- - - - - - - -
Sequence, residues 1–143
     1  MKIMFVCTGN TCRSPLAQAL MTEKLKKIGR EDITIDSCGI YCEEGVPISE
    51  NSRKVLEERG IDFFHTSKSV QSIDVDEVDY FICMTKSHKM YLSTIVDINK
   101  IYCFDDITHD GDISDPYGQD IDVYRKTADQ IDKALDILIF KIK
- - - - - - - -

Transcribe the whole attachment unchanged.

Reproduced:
Sequence, residues 1–143
     1  MKIMFVCTGN TCRSPLAQAL MTEKLKKIGR EDITIDSCGI YCEEGVPISE
    51  NSRKVLEERG IDFFHTSKSV QSIDVDEVDY FICMTKSHKM YLSTIVDINK
   101  IYCFDDITHD GDISDPYGQD IDVYRKTADQ IDKALDILIF KIK